Jailed Indian hopes for Saudi pardon
The family of A Naushad, an Indian convicted of blinding a Saudi national, hopes for a royal pardon.india Updated: Jan 20, 2006 14:30 IST
The family of A Naushad, an Indian awaiting punishment in Saudi Arabia for having allegedly caused a Saudi national to lose his eyesight, sees a glimmer of hope in the arrival of Saudi monarch King Abdullah to India for the Republic Day celebrations next week.
Naushad, 34, has been languishing in a Saudi Arabian jail since 2003 after a tiff with a Saudi national during which the latter's eye was damaged and he later lost his eyesight. According to a new Saudi law, one of Naushad's eyes could be gouged out for "justice".
King Abdullah is to be the chief guest at the Jan 26 parade. According to Saudi law, it is only the king who can give a 'royal pardon' to Naushad.
Meanwhile, Naushad's two children here run to the phone each time it rings thinking their 'uppa' (father) has called from Saudi Arabia. They are not aware he is in jail and are wondering why 'uppa' hasn't called in nearly two months.
Asna, just two-and-a-half years old, hasn't even seen her father but she wants to hear his voice badly. Nasif, her five-year-old brother, is equally upset.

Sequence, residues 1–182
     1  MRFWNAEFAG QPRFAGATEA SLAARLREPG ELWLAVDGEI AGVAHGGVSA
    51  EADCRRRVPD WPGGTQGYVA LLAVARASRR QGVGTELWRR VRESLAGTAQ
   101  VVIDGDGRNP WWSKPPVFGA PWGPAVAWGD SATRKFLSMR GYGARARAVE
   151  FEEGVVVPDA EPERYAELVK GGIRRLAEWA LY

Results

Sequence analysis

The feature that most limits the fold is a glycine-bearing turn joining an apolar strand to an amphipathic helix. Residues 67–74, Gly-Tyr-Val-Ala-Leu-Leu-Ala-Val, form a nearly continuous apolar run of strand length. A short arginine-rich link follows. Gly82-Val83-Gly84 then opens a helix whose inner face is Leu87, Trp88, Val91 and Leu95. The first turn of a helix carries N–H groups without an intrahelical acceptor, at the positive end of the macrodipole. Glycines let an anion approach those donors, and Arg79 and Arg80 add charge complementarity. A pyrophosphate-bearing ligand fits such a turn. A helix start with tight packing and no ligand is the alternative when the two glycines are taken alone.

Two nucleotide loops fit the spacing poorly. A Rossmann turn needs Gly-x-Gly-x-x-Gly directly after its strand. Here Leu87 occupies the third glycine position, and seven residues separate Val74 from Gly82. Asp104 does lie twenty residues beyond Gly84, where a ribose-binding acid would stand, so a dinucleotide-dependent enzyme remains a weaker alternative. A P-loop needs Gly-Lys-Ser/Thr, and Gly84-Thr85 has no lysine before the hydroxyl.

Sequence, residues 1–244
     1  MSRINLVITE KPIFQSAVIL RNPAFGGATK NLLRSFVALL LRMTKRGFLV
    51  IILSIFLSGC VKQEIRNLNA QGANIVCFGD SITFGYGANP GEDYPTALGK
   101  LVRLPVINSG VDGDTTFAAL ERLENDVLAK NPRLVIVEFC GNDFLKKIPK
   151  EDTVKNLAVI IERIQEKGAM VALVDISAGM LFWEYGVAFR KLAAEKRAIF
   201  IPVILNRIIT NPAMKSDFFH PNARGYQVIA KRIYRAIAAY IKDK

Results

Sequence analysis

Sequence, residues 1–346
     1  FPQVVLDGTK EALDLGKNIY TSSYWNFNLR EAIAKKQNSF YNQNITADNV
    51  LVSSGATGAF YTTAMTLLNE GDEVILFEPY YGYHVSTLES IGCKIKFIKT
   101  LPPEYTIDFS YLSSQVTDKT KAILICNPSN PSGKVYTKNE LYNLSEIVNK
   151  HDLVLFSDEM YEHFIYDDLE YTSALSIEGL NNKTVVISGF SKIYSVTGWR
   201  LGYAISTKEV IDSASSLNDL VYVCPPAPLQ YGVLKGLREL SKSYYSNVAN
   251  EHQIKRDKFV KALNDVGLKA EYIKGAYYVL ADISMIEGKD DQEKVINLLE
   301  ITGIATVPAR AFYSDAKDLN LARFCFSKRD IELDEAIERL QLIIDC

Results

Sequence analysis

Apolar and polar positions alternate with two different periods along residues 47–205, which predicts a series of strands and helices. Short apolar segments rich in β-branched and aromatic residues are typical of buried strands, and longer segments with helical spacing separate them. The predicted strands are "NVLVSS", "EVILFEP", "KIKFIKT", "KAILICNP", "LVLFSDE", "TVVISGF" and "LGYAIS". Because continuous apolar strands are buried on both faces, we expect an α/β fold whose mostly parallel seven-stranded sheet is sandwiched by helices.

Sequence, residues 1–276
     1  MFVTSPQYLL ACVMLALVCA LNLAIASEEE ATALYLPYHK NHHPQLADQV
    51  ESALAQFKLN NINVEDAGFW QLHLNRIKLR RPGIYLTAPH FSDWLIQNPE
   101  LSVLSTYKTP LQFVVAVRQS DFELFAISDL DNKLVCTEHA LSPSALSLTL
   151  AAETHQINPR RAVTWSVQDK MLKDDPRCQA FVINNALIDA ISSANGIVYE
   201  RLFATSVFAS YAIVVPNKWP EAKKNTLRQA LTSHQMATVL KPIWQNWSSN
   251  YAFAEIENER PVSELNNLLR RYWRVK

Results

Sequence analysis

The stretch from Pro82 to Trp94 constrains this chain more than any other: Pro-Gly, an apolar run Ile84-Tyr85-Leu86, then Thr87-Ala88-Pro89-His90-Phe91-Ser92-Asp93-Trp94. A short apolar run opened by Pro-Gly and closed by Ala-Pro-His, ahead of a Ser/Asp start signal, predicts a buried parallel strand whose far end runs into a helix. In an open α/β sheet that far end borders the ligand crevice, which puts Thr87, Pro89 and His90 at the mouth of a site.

Sugaila, Naushad's wife, told IANS that after the publicity generated by the incident since the media took up the issue, it appears that the jail authorities have become strict.
"Now only three colleagues of my husband can meet him in jail. Last week, one of his friends who met him told us that he is fine. However, they have no idea of what would happen to my husband."
"Before all the publicity, we used to at least speak to him over phone from jail. Both the children very badly want to hear their father's voice," she said sobbing.
"We have not told the children anything," she added.
She denied news reports that she and her children were to go to New Delhi to meet the king. The local legislator had informed them that he would make arrangements for them to go to New Delhi.
"The only thing I was told is that our expenses would be met. Going to New Delhi with the two children and the cold weather there now would be a problem. We will certainly go if we can meet the king to plead for mercy," said Sugaila.
Meanwhile, Kerala Chief Minister Oommen Chandy is upset with the publicity over the issue as he feels it could prove detrimental.
"We have taken up this issue in utmost seriousness. When the Saudi king will be in Delhi Minister of State for External Affairs E. Ahamed will take up the issue," Chandy told IANS.